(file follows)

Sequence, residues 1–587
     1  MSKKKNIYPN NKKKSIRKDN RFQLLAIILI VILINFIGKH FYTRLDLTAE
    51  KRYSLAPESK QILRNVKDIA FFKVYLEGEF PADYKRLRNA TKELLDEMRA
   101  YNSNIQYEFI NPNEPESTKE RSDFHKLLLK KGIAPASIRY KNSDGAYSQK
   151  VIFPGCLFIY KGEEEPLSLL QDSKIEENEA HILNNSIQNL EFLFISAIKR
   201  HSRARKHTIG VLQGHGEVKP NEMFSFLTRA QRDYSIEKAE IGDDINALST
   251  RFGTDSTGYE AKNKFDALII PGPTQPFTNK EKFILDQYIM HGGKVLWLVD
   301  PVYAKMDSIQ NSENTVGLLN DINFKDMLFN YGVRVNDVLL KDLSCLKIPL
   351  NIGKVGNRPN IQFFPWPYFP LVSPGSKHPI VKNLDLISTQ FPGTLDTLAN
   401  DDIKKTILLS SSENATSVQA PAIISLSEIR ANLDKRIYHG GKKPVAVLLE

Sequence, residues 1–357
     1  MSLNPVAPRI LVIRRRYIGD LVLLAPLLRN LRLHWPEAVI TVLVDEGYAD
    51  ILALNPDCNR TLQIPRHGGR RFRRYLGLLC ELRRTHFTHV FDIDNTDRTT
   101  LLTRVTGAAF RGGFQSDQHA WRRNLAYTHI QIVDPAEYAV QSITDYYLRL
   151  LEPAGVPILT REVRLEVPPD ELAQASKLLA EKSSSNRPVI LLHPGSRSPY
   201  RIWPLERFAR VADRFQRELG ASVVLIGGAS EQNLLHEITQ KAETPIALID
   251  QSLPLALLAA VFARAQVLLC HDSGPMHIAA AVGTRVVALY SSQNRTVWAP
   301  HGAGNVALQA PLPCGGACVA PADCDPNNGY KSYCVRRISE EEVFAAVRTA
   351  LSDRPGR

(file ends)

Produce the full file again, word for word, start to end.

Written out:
Sequence, residues 1–587
     1  MSKKKNIYPN NKKKSIRKDN RFQLLAIILI VILINFIGKH FYTRLDLTAE
    51  KRYSLAPESK QILRNVKDIA FFKVYLEGEF PADYKRLRNA TKELLDEMRA
   101  YNSNIQYEFI NPNEPESTKE RSDFHKLLLK KGIAPASIRY KNSDGAYSQK
   151  VIFPGCLFIY KGEEEPLSLL QDSKIEENEA HILNNSIQNL EFLFISAIKR
   201  HSRARKHTIG VLQGHGEVKP NEMFSFLTRA QRDYSIEKAE IGDDINALST
   251  RFGTDSTGYE AKNKFDALII PGPTQPFTNK EKFILDQYIM HGGKVLWLVD
   301  PVYAKMDSIQ NSENTVGLLN DINFKDMLFN YGVRVNDVLL KDLSCLKIPL
   351  NIGKVGNRPN IQFFPWPYFP LVSPGSKHPI VKNLDLISTQ FPGTLDTLAN
   401  DDIKKTILLS SSENATSVQA PAIISLSEIR ANLDKRIYHG GKKPVAVLLE

Sequence, residues 1–357
     1  MSLNPVAPRI LVIRRRYIGD LVLLAPLLRN LRLHWPEAVI TVLVDEGYAD
    51  ILALNPDCNR TLQIPRHGGR RFRRYLGLLC ELRRTHFTHV FDIDNTDRTT
   101  LLTRVTGAAF RGGFQSDQHA WRRNLAYTHI QIVDPAEYAV QSITDYYLRL
   151  LEPAGVPILT REVRLEVPPD ELAQASKLLA EKSSSNRPVI LLHPGSRSPY
   201  RIWPLERFAR VADRFQRELG ASVVLIGGAS EQNLLHEITQ KAETPIALID
   251  QSLPLALLAA VFARAQVLLC HDSGPMHIAA AVGTRVVALY SSQNRTVWAP
   301  HGAGNVALQA PLPCGGACVA PADCDPNNGY KSYCVRRISE EEVFAAVRTA
   351  LSDRPGR